The U.S. Secret Service said Monday it revoked the top security clearance of 11 agents and uniformed division personnel over alleged misbehavior in Colombia, and a U.S. official said more than 10 military service members may also have been involved.

George Ogilvie, a Secret Service spokesman, said of the 11 agency personnel: Pending investigation, their top secret clearance has been revoked.

The 11 Secret Service agents were placed on administrative leave following alleged misconduct involving prostitutes, in an incident that marred President Barack Obama's weekend trip to Colombia and brought unwelcome attention to the Secret Service, Reuters reported.

The Secret Service agents and officers involved range in experience from relative newcomers to nearly 20-year veterans, and all have been interviewed at least once, two government officials with knowledge of the probe told CNN.  

Before Obama arrived on Thursday, some U.S. agents brought a number of prostitutes back to a beachfront hotel in Cartagena near where the president was due to stay, according to a local police source.

The Secret Service, which is responsible for presidential security, has briefed key congressional leaders on the investigation so far. Rep. Peter King, R-N.Y., chairman of the House Homeland Security Committee, told CNN that he believed 11 prostitutes were brought back to the hotel.

Over the weekend, King told CNN that one of the women refused to leave a hotel room Thursday morning. A hotel manager tried to get in the room, and eventually the woman emerged and said, they owed her money, according to King.

U.S. government sources also said there was a dispute between at least one Secret Service agent and a woman demanding payment. At least one of the women brought to the hotel talked with police, and complaints were filed with the U.S. Embassy, the sources said.

Initial reports from Colombian police said five U.S. military service members also were involved in the incident.

But Army Col. Scott Malcom, a spokesman for U.S. Southern Command, said an interim investigating officer who began working to collect evidence in the case found information indicating more than five may be involved. One U.S. official, who asked not to be named, told Reuters it was probably more than 10.

Pentagon spokesman George Little declined to say whether the service members involved were members of the Army, Navy, Air Force or Marines. But one Pentagon source said all four services were involved.

Little also declined to describe the nature of the service members' role at the summit Obama was attending, saying only that they were not associated with presidential security and they were performing a support mission to the U.S. Secret Service.

The top U.S. military officer, Gen. Martin Dempsey, said that the service members had let Obama down by distracting from Obama's meeting with Latin leaders in Cartagena, and had embarrassed the Pentagon's top brass.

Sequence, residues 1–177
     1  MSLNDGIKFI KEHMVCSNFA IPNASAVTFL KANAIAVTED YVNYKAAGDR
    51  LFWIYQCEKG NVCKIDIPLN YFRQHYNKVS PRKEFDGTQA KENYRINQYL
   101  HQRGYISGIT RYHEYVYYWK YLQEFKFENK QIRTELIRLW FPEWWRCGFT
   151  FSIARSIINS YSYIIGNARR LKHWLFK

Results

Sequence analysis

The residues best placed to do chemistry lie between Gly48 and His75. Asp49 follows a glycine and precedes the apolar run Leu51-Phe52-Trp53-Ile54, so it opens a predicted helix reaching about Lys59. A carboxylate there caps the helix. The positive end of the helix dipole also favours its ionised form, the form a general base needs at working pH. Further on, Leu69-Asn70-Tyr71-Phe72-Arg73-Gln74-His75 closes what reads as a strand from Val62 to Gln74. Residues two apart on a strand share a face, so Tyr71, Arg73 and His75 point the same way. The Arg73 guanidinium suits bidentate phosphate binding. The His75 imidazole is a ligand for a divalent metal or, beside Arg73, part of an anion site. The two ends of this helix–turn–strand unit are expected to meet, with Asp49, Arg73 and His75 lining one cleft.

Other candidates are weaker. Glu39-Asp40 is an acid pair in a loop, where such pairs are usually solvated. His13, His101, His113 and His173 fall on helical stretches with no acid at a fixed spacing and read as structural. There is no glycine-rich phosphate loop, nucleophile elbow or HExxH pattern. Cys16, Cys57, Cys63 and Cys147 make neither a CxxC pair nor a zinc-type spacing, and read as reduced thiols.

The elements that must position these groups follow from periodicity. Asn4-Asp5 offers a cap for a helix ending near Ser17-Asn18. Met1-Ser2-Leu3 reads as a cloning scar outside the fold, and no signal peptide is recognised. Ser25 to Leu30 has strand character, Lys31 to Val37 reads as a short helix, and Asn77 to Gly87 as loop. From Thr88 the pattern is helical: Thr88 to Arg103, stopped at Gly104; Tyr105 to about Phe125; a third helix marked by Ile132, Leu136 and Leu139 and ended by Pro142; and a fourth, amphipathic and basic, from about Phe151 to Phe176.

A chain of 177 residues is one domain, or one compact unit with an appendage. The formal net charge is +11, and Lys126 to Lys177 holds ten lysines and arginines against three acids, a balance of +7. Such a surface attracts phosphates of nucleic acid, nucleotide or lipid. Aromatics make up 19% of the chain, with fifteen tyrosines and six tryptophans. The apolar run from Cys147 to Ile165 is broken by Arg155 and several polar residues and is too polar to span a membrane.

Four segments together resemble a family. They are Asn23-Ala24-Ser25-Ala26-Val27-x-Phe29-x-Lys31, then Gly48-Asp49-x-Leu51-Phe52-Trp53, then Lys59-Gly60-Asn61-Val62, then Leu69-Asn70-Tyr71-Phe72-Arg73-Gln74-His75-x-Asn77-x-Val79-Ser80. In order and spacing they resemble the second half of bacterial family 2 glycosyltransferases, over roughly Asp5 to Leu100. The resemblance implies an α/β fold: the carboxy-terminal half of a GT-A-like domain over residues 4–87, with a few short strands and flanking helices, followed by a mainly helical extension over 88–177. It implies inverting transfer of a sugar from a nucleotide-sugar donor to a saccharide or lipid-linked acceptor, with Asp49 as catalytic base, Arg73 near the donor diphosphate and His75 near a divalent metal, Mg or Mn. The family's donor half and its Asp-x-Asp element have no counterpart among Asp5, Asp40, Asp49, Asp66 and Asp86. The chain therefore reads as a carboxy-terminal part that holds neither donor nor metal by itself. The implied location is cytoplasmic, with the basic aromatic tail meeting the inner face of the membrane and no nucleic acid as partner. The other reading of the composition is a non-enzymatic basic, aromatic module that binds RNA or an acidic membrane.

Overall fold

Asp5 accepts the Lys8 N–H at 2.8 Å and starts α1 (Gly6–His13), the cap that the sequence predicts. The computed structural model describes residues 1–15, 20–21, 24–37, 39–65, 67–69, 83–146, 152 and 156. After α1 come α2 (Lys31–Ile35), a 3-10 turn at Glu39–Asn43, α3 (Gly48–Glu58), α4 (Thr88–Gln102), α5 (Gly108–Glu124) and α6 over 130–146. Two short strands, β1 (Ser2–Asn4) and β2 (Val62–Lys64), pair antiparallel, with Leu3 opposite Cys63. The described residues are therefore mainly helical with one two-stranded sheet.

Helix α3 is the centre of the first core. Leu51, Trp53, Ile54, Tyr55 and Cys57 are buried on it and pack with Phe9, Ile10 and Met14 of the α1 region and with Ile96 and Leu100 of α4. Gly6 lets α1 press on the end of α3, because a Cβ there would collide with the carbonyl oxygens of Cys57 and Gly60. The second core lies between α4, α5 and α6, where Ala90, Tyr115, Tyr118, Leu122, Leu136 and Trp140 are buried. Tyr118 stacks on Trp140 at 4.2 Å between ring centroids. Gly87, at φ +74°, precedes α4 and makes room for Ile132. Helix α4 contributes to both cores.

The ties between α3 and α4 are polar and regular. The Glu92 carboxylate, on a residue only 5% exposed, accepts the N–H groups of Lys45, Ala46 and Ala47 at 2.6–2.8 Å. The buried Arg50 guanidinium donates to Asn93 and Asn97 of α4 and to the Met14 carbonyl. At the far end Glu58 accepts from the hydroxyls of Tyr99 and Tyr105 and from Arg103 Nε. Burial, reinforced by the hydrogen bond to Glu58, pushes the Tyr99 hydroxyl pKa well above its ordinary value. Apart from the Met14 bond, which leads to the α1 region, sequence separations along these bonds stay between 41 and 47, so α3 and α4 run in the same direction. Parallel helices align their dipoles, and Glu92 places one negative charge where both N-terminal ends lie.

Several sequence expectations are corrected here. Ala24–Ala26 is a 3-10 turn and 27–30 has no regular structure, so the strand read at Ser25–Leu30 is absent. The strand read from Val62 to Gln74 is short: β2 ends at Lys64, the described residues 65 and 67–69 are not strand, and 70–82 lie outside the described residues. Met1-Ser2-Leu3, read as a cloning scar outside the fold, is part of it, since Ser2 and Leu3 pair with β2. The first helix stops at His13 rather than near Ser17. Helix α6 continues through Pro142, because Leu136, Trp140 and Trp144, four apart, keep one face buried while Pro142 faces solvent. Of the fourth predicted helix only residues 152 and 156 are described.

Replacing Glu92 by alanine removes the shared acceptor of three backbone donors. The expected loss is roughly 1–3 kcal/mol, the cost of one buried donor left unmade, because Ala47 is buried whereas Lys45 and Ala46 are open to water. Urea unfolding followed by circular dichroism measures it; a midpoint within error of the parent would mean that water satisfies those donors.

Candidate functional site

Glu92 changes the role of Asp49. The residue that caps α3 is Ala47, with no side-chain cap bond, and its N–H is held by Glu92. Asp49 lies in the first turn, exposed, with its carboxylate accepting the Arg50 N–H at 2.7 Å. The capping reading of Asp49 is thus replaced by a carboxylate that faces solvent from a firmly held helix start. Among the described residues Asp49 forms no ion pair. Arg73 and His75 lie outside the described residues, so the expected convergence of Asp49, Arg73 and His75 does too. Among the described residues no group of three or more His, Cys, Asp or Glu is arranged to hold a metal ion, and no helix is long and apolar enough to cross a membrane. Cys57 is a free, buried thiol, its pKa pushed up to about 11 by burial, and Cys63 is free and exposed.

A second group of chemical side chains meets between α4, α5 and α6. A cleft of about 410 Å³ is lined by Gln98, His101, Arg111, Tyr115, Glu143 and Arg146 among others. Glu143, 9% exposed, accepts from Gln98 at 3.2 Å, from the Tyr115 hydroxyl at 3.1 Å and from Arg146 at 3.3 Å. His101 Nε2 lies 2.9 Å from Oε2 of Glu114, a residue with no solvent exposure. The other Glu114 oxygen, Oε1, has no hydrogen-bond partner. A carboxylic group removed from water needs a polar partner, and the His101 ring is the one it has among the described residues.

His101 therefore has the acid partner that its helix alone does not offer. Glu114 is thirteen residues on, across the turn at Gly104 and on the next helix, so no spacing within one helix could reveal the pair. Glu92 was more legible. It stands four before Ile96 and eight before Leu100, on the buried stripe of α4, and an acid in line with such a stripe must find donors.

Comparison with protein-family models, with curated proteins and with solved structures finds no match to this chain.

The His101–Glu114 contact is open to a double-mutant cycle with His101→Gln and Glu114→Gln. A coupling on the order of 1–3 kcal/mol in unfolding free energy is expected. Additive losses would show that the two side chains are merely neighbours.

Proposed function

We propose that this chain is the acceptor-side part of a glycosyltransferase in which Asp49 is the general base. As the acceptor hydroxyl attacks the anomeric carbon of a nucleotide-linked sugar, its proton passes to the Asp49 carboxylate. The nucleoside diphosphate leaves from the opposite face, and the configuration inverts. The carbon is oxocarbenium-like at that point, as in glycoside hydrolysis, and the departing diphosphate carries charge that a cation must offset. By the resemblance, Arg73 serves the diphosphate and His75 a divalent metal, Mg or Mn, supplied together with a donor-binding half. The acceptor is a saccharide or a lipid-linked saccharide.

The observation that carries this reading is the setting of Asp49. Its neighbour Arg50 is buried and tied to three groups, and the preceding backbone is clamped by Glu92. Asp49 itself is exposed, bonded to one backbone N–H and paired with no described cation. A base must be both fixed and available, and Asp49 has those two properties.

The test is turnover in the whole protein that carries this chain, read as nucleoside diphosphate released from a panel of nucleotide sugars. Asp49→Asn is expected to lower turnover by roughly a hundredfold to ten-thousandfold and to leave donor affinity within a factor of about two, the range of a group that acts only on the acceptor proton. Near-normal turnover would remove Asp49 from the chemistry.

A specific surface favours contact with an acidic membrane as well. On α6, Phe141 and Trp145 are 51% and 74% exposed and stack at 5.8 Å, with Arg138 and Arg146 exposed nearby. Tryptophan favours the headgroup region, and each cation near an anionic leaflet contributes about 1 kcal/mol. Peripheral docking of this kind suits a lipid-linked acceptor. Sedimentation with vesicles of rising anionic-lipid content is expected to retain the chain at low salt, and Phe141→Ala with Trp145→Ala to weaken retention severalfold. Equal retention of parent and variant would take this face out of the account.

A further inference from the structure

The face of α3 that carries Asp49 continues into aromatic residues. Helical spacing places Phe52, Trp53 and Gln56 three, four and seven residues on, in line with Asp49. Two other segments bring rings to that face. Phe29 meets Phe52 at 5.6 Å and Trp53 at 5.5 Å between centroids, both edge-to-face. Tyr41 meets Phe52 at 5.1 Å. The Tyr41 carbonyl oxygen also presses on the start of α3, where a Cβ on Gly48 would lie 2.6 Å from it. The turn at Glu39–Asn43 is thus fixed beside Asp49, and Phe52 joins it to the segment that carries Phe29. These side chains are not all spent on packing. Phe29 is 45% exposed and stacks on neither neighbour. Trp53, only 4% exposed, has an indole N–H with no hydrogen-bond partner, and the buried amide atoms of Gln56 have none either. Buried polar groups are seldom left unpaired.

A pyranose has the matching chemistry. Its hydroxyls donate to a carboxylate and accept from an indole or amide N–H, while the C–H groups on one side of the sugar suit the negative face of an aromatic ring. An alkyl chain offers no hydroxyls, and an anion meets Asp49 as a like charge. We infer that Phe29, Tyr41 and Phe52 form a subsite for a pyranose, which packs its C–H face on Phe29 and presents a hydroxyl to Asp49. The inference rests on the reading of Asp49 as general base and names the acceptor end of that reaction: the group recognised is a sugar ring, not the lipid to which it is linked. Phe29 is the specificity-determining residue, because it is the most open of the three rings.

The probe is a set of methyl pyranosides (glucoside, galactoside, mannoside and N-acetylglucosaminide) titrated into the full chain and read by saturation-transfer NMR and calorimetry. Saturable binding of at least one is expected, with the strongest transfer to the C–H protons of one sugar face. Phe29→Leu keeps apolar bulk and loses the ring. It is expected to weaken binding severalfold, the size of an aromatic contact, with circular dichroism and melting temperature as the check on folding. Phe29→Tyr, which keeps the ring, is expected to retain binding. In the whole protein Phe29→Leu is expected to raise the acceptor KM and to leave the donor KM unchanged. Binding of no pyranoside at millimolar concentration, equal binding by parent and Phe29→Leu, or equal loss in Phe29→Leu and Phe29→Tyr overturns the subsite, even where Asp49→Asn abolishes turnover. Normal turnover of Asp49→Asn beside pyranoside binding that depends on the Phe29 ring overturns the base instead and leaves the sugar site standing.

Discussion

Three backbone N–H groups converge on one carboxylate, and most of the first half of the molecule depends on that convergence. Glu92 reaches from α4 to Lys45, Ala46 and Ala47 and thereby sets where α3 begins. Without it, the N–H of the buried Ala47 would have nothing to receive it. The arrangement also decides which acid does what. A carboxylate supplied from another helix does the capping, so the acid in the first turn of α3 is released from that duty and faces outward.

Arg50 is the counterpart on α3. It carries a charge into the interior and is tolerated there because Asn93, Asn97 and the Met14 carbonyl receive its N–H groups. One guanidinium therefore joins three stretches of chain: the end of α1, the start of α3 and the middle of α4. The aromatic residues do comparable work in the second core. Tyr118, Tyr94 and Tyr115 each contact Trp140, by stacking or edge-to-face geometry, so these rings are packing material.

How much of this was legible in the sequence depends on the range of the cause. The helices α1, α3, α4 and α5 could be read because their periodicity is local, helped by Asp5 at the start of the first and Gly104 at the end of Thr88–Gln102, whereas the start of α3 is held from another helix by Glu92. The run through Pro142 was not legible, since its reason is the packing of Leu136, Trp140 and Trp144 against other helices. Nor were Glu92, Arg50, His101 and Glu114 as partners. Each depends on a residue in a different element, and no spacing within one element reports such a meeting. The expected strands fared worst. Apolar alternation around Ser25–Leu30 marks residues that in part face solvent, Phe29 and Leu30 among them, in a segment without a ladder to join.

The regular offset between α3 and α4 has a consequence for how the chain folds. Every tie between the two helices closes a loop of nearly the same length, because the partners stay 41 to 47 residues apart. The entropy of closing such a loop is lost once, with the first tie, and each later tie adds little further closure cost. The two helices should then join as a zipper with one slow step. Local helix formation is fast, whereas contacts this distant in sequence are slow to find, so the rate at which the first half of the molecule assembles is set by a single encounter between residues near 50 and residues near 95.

We let the boss down because nobody's talking about what went on in Colombia other than this incident, Dempsey, the chairman of the Joint Chiefs of Staff, said at a news conference with Defense Secretary Leon Panetta. I can speak for myself and my fellow chiefs, we're embarrassed by what occurred in Colombia.

Panetta said Gen. William Fraser, the head of Southern Command, had begun an investigation to determine the facts of the incident.

On Capitol Hill, lawmakers said they were shocked and upset by the allegations, pointing to the security risks involved.

Well, what we're concerned about is that failure today can lead to blackmail five, 10, 20 years from now.... If you look at how you get somebody to do something wrong, you do it incrementally - something small, something bigger, something bigger, said Rep. Darrell Issa, R-Calif., in a Monday morning appearance on CBS This Morning.

Issa, chairman of the House Oversight and Government Reform Committee, said that he'd been told the prostitution scandal was part of a pattern of behavior that included raucus wheels-up parties for advance personnel on foreign assignments after the departure of principal officials.

Issa's panel will look over the shoulder of the inspector general as he investigates the scandal, the congressman said.

I am having a call this evening with the director of the Secret Service, because I find this to be so appalling, said Sen. Susan Collins of Maine, the top Republican on the Senate Homeland Security and Governmental Affairs Committee, which shares jurisdiction over the Secret Service with the Judiciary Committee.

I can't help but think what if the women involved had been spies, what if they had been members of a drug cartel, what if they had planted equipment or eavesdropping devices?

Sen. Lindsey Graham, R-S.C., said that although he didn't want to prejudge Sullivan, it starts at the top, really.

If the allegations are true, or close to being true, then obviously you've got a leadership problem because things like that don't happen if people are somewhat afraid, he said.

Graham, a former Air Force lawyer, said he believed any members of the military that were involved would be dealt with severely if the allegations are true.

The Secret Service agents were sent home, but the military service members stayed through the summit and finished their work while confined to their rooms, officials said.

The only charge against the service members is that they violated curfew. That could mean they weren't in their rooms when they should have been, or showed up late or had someone in their room who shouldn't have been there, Malcom said.

(Additional reporting by Susan Cornwell. Editing by Warren Strobel and Christopher Wilson)